If you have property in new York State, good luck! Since your ever smart government has sought to place a ban on drilling/frac'ing in the State, no one is progressing with much of anything in NY. Its as if the shale just stops at the border! Gov. Patterson is in way over his head and your state is driven by people who hate oil and gas industry. Don't expect much in the near term until you guys overthrow your state government. The gas will stille be there!
I am a consulting engineer in NEPA. Most of the NGE companies in the area are clients and all are dreading the thought of drilling in NY. General perspective is that NY is going to be difficult to deal with from a compliance aspect. My own observation is that there is too much down state disapproval of the activity. I don't see a rush anytime soon to develop the NY play even after the moratorium is lifted.
I would just like to say that if NY does not want activity ( I feel sorry for the NY gas property owners) ....welcome to Ohio. My original lease was with Belden & Blake for Trenton - Blake River; supposedly 26% porosity in the formation. They sold the lease to Fortuna and we resigned with them. I have been told, by a very respected expert on Marcellus; that Brush Creek Twsp - Jefferson County, Ohio is the most promising Marcellus Shale area in Ohio. If no activity occurs by next spring I will be purchasing the geologic information, from him; to shop around for someone that will drill.
The following news report suggests the previous comments may be wrong when they suggest (a) that now is not a good time to negotiate a lease in NY, and (b) that contacting a gas company is not the best way to begin negotiations.
September 12, 2009
Fortuna Energy agrees to pay $165 million for gas rights; 600 members of coalition to receive $5,500 per acre, plus royalties
CHOCONUT, Pa. -- A Horseheads-based company is willing to pay a collective $165 million for the rights to drill for natural gas in about 30,000 acres of the Marcellus Shale.
Fortuna Energy Inc. has closed a deal with The Friendsville Group, a coalition of about 600 property owners, to lease all of the group's acreage in Susquehanna and Bradford counties in Pennsylvania, as well as its land in Broome County, officials with the coalition said Saturday.
Under the agreement, Fortuna Energy will pay all of the property owners in the coalition $5,500 an acre for a five-year lease on their property, with a company option to extend the lease for another three years. The company will also pay 20 percent royalties for producing wells.
The offer is "one-size-fits-all" for everyone in the coalition, said Pat Flaherty who helped negotiate the deal. But, he emphasized, each landowner will make an individual decision on whether to accept or forego the lease for their land.
Landowners at Saturday's session, which filled Neumann Hall in Choconut, were asked to sign letters of intent with Fortuna, binding them to not talk with another company for two weeks. Fortuna officials will be back at Neumann Hall on Sept. 26 and 27 to sign lease agreements with landowners who schedule appointments.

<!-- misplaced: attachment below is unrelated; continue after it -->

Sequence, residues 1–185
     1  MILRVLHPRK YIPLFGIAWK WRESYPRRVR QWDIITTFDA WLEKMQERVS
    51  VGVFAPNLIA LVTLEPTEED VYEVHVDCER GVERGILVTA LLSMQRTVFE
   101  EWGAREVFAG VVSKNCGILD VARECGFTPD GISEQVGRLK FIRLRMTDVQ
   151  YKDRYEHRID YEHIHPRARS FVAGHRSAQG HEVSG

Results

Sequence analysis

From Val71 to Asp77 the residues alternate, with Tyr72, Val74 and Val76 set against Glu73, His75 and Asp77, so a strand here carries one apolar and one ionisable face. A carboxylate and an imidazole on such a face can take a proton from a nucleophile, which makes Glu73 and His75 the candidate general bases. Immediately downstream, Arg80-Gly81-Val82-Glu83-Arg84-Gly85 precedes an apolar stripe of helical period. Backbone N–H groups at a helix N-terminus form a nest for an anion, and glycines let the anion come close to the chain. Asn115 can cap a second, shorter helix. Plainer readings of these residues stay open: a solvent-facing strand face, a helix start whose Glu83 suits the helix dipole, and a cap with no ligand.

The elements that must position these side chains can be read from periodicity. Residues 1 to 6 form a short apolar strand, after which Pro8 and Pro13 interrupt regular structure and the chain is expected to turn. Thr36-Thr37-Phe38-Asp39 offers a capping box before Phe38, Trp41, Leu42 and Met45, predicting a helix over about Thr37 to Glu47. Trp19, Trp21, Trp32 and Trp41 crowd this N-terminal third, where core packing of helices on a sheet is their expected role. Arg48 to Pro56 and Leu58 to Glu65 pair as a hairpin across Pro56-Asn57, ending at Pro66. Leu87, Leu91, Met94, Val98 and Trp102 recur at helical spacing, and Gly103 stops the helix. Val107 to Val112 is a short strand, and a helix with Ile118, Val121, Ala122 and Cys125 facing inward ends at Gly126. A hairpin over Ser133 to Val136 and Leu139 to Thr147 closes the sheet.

The deal seems to be a good one, several landowners said.
"I think everyone in there is happy with the offer, and definitely with the lease," said Joe Fizzano, who owns property in Little Meadows, Pa.
"It's by far the best offer we've seen," added Larry Barrack, who owns property in New Milford, Pa.
Hess Corp., by contrast, has agreed to pay $3,500 an acre for drilling rights in Kirkwood to open 11,400 acres to drilling.
Under the agreement, Pennsylvania landowners will receive the $5,500 per acre within 40 to 90 days of signing the lease agreement, Fortuna officials said.
The deal will be structured differently for coalition landowners in New York, who are clustered in the towns of Binghamton and Vestal. That's because New York currently has a moratorium on drilling, Flaherty said. New York landowners will receive $500 per acre when the lease is signed, and the other $5,000 per acre when the moratorium is lifted. The company will not be able to do any work on their land until New York begins issuing permits to drill.
Fortuna began negotiating the lease deal after being approached by the coalition, said Mark Scheuerman, general counsel and manager of government and media relations with the company.
The agreement is a good match between what the coalition wants, and Fortuna's plans for exploration and development, he said.
The company is an indirect wholly owned subsidiary of Calgary, Alberta-based Talisman Energy Inc., one of North America's largest independent producers of natural gas, the company's brochure says. Fortuna currently maintains more than 22,000 oil and gas leases and pays monthly royalties on producing wells to more than 2,200 landowners in the Twin Tiers, according to a company brochure.
The agreement is "a tremendous offer," said C. Warren Trainor, a Philadelphia attorney who represented the coalition. The deal is good not only because of the payments, but also because of the protections offered to property owners by the company, he said.
Under the agreement, for example, any development plan must be presented to a landowner before drilling, the company has no rights to other minerals on a property and no well can be closer than 750 feet to a building.
The coalition "found you a company that's willing to work with you," Trainor said.
What makes this site so great? Well, I think it's the fact that, quite frankly, we all have a lot at stake in this thing they call shale. But beyond that, this site is made up of individuals who have worked hard for that little yard we call home. Or, that farm on which blood, sweat and tears have fallen.[ Read More ]